The initial document, an appendix to the 1820 Report by Reverend Morse, calls the appellant Indian groups "tribes," but it also refers to them as "remnants." It says that in 1820 there were 320 Indians at Marshpee, 40 at Herring Pond, 48 at Troy, and 340 on Martha's Vineyard. It notes that "the number of pure blooded Indians [at Mashpee] is extremely small, say fifty or sixty, and is rapidly decreasing," and that these Indians "have altogether adopted the habits of civilized life." It says that Harvard College and a religious society provide for the Indians' moral and religious instruction while the State takes care of the "infirm and aged poor" and manages their lands. It states that the number of Indians at Marshpee is "diminishing, though rather slowly," and that those at Herring Pond -- "not more than forty" -- have considerable territory "but their affairs are embarrassed and probably at no distant day, Government will see fit to dispose of their land." If we apply the legal standard of Mashpee I to this document, it suggests that as of 1820 the Mashpees, Herring Ponds, and Troys "inhabit[ed] a particular territory," but it does not suggest that they were "united in one community under one leadership or government," and it is ambivalent on the matter of "same or similar race." A fortiori, it is inadequate to show the existence of these tribes as a matter of fact at the relevant time of conveyancing, fifty years or more later.

The remaining documents add nothing of factual value. The second document, an appendix to "Indian Treaties and Laws and Regulations Relating to Indian Affairs" of 1826 uses the same numbers as the 1820 document. Thus, one might reasonably believe its author simply took his numbers from Rev. Morse. The third document, published in 1834, repeats the Morse numbers and adds nothing to them. The fourth document, an 1850 Bureau of Indian Affairs survey by Henry Schoolcraft, also seems to be based on the 1820 Morse Report. The number of Indians that it lists as living in Maine, for example, is 956, the same number Morse used 25 years earlier. Schoolcraft says there were 847 Indians living in Massachusetts, 107 more than Morse reported in 1820, but Schoolcraft's tables list several tribes not mentioned in the earlier report. Schoolcraft does not describe the factual circumstances under which the Indians lived but he contrasts their condition to other Indians whom he calls "tribes" by referring to the Massachusetts Indians as "fragmentary tribes." Thus, appellants had good reason for declining to argue that these documents could support a factual finding of tribal status. We do not see how, simply as measured under the Montoya standard, they could do so.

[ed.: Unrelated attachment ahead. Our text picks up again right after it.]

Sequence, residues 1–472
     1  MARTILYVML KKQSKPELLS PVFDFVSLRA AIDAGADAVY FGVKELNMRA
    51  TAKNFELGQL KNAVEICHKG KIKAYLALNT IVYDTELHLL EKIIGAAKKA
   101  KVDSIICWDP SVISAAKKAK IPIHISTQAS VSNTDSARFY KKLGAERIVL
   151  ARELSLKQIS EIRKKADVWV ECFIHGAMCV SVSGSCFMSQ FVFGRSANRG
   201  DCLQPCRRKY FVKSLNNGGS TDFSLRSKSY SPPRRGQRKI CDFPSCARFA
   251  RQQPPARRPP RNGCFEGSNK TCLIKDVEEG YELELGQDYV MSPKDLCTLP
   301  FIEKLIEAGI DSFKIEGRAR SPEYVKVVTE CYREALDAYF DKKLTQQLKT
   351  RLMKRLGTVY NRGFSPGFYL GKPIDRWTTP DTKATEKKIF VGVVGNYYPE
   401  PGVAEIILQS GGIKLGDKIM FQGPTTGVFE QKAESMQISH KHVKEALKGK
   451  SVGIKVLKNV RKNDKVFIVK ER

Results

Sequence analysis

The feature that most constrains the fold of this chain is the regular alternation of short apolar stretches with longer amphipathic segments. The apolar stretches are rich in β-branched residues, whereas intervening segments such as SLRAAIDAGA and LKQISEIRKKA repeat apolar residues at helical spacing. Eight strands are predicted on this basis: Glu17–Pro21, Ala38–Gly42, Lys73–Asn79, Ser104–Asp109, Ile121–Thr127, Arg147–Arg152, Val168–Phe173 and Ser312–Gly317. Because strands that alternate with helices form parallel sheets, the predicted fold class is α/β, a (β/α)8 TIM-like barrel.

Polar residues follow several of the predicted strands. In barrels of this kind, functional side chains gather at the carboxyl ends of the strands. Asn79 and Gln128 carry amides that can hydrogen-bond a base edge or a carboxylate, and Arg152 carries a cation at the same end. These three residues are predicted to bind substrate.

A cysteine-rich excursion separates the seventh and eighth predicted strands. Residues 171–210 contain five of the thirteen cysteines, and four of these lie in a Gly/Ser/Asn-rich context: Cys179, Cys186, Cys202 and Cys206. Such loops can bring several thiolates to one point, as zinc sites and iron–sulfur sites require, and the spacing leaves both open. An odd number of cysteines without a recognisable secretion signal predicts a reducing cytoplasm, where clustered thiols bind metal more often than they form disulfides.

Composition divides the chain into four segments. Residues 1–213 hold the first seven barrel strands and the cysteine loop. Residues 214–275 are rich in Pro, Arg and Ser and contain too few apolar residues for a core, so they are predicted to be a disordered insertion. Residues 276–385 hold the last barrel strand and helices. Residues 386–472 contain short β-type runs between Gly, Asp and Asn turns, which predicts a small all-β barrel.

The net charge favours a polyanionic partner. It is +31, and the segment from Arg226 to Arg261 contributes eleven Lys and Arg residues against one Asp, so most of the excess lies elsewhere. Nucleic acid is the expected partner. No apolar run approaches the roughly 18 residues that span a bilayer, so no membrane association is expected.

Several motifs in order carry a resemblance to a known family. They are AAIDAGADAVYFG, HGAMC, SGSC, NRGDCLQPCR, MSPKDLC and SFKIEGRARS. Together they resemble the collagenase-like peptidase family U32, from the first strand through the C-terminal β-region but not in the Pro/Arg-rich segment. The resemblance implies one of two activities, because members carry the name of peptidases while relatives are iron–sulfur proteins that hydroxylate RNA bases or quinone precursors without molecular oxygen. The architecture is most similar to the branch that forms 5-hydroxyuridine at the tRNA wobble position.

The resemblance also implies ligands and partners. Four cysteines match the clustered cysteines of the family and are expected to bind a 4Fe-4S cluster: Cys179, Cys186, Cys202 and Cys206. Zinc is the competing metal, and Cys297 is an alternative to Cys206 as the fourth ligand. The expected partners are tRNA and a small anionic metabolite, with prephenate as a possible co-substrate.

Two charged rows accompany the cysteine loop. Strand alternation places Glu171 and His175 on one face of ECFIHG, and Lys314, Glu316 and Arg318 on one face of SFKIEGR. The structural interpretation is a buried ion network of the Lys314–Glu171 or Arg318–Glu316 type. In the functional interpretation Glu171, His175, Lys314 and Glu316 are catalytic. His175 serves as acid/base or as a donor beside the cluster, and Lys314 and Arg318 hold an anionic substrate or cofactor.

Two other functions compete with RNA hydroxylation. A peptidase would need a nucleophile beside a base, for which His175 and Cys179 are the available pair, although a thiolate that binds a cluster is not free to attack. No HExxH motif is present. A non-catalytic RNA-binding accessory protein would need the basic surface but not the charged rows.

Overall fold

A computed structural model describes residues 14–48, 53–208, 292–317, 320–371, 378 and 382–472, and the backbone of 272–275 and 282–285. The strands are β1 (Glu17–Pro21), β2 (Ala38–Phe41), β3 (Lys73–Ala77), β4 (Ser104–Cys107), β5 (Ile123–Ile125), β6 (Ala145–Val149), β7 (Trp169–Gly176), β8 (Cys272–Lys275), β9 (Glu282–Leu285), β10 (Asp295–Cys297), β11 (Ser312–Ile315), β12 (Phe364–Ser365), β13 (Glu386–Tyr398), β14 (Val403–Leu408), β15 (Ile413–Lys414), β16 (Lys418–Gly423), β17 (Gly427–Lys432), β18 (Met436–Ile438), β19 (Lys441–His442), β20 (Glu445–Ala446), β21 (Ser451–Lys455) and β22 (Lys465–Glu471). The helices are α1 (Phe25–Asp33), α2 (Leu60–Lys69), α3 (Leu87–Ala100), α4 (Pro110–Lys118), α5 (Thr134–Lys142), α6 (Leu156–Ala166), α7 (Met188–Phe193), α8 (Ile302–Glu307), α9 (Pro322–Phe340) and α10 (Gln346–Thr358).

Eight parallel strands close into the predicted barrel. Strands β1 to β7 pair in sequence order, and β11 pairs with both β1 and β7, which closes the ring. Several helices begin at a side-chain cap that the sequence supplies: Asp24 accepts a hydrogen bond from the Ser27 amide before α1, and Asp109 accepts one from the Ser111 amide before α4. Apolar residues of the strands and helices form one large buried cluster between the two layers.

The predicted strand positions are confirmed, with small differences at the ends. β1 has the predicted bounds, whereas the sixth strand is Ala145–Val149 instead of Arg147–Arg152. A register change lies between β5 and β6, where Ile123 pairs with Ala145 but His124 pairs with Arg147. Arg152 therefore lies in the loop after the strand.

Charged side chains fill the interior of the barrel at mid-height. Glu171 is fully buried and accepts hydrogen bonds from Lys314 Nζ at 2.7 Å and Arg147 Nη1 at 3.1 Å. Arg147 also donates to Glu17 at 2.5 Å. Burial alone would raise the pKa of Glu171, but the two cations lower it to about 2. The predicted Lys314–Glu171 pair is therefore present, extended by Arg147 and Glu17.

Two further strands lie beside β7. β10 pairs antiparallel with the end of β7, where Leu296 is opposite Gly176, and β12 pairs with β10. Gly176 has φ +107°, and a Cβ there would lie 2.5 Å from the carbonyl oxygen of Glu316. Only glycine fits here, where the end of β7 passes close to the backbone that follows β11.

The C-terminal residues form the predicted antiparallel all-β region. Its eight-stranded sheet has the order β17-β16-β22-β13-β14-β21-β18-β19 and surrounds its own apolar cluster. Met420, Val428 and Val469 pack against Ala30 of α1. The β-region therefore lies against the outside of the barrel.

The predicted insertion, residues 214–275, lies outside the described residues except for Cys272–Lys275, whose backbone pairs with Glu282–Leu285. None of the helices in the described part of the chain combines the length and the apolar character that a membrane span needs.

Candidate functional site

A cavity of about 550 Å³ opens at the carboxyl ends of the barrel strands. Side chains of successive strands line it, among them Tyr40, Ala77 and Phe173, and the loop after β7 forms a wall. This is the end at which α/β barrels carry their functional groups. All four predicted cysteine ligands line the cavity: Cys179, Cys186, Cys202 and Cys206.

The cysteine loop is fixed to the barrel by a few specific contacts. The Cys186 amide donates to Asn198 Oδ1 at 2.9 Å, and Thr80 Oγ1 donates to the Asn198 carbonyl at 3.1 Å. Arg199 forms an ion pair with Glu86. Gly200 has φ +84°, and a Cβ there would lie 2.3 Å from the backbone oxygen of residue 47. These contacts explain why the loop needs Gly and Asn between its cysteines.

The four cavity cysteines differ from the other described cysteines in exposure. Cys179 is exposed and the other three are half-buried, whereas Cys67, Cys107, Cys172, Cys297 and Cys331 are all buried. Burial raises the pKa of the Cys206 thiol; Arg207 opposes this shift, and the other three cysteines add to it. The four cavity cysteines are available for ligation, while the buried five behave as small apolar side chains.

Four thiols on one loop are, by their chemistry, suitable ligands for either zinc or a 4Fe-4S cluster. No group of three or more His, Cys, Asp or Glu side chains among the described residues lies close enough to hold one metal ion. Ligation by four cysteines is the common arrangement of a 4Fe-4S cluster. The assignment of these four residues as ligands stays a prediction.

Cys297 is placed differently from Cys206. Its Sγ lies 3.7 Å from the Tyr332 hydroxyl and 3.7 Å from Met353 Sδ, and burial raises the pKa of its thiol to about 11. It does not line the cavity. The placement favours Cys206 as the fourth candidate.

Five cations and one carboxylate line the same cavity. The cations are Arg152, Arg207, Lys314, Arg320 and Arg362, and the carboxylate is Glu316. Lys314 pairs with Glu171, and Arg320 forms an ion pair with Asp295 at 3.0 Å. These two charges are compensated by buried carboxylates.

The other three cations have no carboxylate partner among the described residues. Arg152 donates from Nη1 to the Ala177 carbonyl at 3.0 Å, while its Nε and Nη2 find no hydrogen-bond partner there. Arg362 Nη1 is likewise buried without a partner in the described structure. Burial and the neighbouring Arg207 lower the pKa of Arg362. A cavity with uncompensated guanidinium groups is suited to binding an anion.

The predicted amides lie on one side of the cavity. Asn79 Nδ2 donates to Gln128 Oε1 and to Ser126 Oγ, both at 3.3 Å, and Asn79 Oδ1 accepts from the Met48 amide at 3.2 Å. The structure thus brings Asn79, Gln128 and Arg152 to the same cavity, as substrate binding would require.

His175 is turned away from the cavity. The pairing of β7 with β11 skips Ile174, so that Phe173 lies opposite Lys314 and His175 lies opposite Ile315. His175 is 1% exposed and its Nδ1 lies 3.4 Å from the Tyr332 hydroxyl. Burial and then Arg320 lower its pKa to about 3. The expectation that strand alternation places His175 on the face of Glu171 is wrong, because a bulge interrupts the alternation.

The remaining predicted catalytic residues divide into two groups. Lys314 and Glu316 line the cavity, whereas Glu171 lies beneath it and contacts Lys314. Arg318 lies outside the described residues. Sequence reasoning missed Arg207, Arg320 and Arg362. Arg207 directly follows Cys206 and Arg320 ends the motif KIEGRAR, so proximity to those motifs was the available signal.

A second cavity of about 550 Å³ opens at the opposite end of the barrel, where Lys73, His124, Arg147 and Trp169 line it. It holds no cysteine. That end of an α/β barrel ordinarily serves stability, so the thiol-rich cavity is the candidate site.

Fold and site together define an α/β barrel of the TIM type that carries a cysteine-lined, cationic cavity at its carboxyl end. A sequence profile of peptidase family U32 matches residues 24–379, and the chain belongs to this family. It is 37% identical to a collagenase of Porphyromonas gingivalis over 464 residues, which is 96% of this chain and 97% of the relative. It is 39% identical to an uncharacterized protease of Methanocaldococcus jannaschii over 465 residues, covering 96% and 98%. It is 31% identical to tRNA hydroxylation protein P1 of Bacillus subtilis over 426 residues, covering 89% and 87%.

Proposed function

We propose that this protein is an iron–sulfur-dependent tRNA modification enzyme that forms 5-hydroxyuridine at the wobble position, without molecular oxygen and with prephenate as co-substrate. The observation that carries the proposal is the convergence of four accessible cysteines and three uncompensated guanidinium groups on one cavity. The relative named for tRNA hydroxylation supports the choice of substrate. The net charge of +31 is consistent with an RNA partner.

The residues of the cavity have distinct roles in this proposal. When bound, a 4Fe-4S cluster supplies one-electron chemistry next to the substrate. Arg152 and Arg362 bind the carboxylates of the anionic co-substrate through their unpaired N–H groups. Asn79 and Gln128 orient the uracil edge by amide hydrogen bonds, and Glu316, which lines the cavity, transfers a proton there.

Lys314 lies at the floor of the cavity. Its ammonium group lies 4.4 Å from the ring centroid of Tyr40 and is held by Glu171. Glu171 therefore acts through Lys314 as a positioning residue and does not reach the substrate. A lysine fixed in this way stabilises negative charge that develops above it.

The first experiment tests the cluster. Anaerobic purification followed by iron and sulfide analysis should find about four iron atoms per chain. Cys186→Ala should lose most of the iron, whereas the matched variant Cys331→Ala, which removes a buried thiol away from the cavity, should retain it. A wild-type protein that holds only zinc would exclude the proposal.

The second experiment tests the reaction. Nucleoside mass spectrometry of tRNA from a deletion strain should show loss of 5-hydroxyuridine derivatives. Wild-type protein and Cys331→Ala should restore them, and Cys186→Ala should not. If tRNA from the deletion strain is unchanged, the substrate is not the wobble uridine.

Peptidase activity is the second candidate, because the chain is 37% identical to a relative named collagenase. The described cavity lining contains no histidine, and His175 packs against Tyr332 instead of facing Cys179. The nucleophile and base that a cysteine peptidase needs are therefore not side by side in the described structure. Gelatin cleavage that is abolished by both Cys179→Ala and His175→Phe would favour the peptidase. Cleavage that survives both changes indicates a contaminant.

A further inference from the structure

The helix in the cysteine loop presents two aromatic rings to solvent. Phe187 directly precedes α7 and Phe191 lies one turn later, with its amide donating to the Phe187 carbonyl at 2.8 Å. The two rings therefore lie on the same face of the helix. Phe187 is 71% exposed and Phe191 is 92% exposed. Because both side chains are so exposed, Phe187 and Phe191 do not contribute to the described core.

Appellants instead claim that the four documents (along with the underlying facts they evidence) are enough to show that the federal government has recognized the five entities as "tribes." And they argue that the federal courts, as a matter of law, must follow the lead of the executive branch in these matters. They cite the Supreme Court's statement 120 years ago:

In reference to all matters of this kind, it is the rule of this court to follow the action of the executive and other political departments of the government, whose more special duty is to determine such affairs. If by them those Indians are recognized as a tribe, this court must do the same.

United States v. Holliday, 70 U.S. (3 Wall.) 407, 419, 18 L. Ed. 182 (1866). The difficulty with this argument is that neither the executive nor the legislative branch of the federal government has recognized the five entities as tribes; and the four documents fail to show the contrary.

The ordinary standard for "recognition" is set forth by Professor Cohen as follows:

Normally a group will be treated as a . . . "recognized" tribe if (a) Congress or the Executive has created a reservation for the group by treaty, agreement, statute, executive order, or valid administrative action; and (b) the United States has had some continuing political relationship with the group.

F. Cohen, Handbook of Federal Indian Law 6 (1982). This standard is not met. A congressionally authorized compilation of all such documents from the nineteenth century that might satisfy this standard (including proclamations and unratified treaties) was published in 1904. See C. Kappler, Indian Affairs. Sen. Doc. 319, 58th Cong., 2d Sess. (1904). The two volumes of this compilation do not mention any of the five groups before us. In addition, the Supreme Court, in a case decided after the publication of the four documents here in issue, described the Massachusetts Indians as "remnants of tribes never recognized by the treaties or executive acts of the United States as distinct political bodies." Elk v. Wilkins, 112 U.S. 94, 108, 28 L. Ed. 643, 5 S. Ct. 41 (1884). Recently, the Bureau of Indian Affairs has published a list that purports to include all Indian groups acknowledged as tribes either by executive or administrative action. See 51 Fed. Reg. 25115 (July 10, 1986). That list does not contain the names of any of the five Indian entities. Given this negative evidence, we do not see how (1) Rev. Morse's Report to the Secretary of War, (2) a reference in a statistical table in the War Department's Office status for Depredation Act purposes does not show that such evidence is sufficient, in the absence of strong supporting facts, to show that a group is a "tribe" for land recovery purposes. Thus, Tully does not change our previous conclusion.

Finally, the appellants argue that the government is "estopped" from denying their status as a tribe. By this argument, they apparently mean that the government, having caused the deterioration of tribal life and the disappearance of these tribes, should not now be allowed to take legal advantage of those wrongs by being permitted to deny the existence of the very organization they destroyed. Cf. Glus v. Brooklyn Eastern District Terminal, 359 U.S. 231, 232, 3 L. Ed. 2d 770, 79 S. Ct. 760 (1959) (noting that the principle that "no man may take advantage of his own wrong" is "deeply rooted in our jurisprudence"). Even if we leave aside such legal questions, however, as whether it is legally permissible here to estop the federal government, see Heckler v. Community Health Services of Crawford County, Inc., 467 U.S. 51, 59, 81 L. Ed. 2d 42, 104 S. Ct. 2218 (1984); Phelps v. Federal Emergency Management Agency, 785 F.2d 13, 17 (1st Cir. 1986), or whether appellants have shown that the federal government in fact caused these tribes to disappear, we cannot accept this argument. If it is interpreted as broadly as appellants must interpret it to prevail, it proves too much. Because many, if not all, former Indian tribes disappeared as a result of the encroachment of non-Indian culture, the argument, in effect, would nullify the legal requirement we previously pointed out that Indian groups prove tribal status. The law does not permit us to nullify that requirement.

The judgment of the district court is


[See Report in Original]